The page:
The following poem was delivered by Maya Angelou as part of President William Jefferson “Bill” Clinton’s First Inauguration on January 20, 1993. Maya Angelou is widely regarded as one of the foremost African-American voices in literature, particularly her groundbreaking autobiography, I Know Why the Caged Bird Sings, published in 1969.
On The Pulse Of Morning
A Rock, A River, A Tree Hosts to species long since departed, Mark the mastodon. The dinosaur, who left dry tokens Of their sojourn here On our planet floor, Any broad alarm of their of their hastening doom Is lost in the gloom of dust and ages. But today, the Rock cries out to us, clearly, forcefully, Come, you may stand upon my Back and face your distant destiny, But seek no haven in my shadow. I will give you no hiding place down here. You, created only a little lower than The angels, have crouched too long in The bruising darkness, Have lain too long Face down in ignorance. Your mouths spelling words Armed for slaughter. The rock cries out today, you may stand on me, But do not hide your face. Across the wall of the world, A river sings a beautiful song, Come rest here by my side. Each of you a bordered country, Delicate and strangely made proud, Yet thrusting perpetually under siege. Your armed struggles for profit Have left collars of waste upon My shore, currents of debris upon my breast. Yet, today I call you to my riverside, If you will study war no more. Come, clad in peace and I will sing the songs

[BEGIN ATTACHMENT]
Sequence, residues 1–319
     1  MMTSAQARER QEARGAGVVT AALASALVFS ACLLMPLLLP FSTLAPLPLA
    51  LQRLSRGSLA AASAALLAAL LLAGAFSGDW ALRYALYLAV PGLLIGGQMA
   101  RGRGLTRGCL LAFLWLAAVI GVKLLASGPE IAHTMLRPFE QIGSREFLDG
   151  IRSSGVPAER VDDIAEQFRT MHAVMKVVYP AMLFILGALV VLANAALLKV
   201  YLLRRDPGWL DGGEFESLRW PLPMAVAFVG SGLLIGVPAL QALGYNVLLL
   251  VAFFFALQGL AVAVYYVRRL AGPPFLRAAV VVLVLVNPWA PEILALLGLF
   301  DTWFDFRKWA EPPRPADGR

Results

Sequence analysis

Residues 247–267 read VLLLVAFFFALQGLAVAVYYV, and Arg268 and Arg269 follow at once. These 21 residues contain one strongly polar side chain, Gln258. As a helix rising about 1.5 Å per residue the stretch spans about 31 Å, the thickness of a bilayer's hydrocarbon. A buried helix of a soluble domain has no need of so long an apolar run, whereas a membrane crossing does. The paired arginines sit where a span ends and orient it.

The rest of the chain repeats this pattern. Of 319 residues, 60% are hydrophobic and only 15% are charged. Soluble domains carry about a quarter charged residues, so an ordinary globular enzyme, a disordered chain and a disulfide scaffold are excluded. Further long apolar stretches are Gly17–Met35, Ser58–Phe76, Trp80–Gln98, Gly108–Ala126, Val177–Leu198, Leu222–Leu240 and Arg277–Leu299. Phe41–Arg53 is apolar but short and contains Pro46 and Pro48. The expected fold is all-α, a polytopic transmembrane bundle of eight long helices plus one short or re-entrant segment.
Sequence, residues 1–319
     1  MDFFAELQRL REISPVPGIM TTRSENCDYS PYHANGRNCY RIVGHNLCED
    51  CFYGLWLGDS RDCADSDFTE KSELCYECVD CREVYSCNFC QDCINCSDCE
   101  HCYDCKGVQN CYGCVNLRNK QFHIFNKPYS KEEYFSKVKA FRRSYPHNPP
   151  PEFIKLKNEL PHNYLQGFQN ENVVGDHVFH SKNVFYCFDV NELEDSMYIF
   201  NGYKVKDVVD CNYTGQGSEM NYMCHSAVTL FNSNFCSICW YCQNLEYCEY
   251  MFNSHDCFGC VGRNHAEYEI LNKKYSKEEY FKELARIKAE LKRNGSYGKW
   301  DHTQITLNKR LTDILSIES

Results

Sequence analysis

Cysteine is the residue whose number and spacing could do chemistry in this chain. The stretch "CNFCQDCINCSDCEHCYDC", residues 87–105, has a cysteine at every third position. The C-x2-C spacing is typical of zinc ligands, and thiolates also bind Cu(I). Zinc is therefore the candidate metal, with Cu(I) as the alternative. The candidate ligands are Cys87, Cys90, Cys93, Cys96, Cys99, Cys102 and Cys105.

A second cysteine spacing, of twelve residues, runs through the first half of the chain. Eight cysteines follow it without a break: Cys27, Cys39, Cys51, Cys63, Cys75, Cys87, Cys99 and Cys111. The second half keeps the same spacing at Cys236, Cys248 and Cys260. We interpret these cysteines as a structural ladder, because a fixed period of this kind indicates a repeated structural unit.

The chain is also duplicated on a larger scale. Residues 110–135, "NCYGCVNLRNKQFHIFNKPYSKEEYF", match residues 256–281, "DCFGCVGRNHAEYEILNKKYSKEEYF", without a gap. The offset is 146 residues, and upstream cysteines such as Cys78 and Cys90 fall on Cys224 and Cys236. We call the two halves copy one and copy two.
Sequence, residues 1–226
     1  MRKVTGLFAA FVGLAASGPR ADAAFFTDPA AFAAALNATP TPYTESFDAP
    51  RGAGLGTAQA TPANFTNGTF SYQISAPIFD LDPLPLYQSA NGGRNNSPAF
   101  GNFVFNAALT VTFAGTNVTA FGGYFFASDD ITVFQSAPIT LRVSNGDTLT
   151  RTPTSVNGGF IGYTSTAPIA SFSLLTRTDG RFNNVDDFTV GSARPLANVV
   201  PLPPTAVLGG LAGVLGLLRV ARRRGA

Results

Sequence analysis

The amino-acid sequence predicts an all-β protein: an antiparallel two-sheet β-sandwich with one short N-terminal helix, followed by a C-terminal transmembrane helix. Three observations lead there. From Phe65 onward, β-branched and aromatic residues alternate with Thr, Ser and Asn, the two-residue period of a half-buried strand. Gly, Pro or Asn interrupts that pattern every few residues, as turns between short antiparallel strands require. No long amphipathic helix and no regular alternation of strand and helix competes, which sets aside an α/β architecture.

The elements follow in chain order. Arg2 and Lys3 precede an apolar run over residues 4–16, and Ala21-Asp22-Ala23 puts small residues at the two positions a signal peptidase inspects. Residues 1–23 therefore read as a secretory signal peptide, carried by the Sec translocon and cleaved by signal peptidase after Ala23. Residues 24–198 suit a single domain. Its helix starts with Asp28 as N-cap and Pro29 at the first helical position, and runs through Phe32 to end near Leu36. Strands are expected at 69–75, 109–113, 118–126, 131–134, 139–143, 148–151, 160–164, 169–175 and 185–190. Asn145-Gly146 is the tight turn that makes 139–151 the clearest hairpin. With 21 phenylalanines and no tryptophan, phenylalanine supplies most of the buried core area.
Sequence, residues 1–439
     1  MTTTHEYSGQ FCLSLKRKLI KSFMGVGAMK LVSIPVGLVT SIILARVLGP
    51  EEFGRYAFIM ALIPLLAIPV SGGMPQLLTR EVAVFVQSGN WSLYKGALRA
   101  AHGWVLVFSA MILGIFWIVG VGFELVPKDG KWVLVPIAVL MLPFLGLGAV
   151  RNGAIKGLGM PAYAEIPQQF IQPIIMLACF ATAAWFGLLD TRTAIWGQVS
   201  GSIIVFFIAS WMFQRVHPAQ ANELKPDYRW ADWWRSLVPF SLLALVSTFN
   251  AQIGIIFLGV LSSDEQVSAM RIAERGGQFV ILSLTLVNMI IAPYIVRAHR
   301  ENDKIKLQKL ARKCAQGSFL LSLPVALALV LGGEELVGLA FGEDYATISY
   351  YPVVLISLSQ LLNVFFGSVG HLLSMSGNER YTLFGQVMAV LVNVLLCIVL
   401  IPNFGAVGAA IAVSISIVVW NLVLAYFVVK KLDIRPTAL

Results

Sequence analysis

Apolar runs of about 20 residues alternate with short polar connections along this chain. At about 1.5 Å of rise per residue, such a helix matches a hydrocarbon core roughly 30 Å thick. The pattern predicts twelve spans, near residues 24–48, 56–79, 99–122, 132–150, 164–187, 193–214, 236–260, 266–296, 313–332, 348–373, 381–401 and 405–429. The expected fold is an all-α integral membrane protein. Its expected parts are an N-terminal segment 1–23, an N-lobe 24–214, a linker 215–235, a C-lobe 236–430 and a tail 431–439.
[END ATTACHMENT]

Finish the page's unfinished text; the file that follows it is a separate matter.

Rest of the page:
The Creator gave to me when I And the tree and stone were one. Before cynicism was a bloody sear across your brow And when you yet knew you still knew nothing. The river sings and sings on. There is a true yearning to respond to The singing river and the wise rock. So say the Asian, the Hispanic, the Jew, The African and Native American, the Sioux, The Catholic, the Muslim, the French, the Greek, The Irish, the Rabbi, the Priest, the Sheikh, The Gay, the Straight, the Preacher, The privileged, the homeless, the teacher. They hear. They all hear The speaking of the tree. Today, the first and last of every tree Speaks to humankind. Come to me, here beside the river. Plant yourself beside me, here beside the river. Each of you, descendant of some passed on Traveller, has been paid for. You, who gave me my first name, You Pawnee, Apache and Seneca, You Cherokee Nation, who rested with me, Then forced on bloody feet, Left me to the employment of other seekers- Desperate for gain, starving for gold. You, the Turk, the Swede, the German, the Scot… You the Ashanti, the Yoruba, the Kru, Bought, sold, stolen, arriving on a nightmare Praying for a dream. Here, root yourselves beside me. I am the tree planted by the river, Which will not be moved. I, the rock, I the river, I the tree
I am yours- your passages have been paid. Lift up your faces, you have a piercing need For this bright morning dawning for you. History, despite its wrenching pain,
Cannot be unlived, and if faced with courage, Need not be lived again. Lift up your eyes upon The day breaking for you.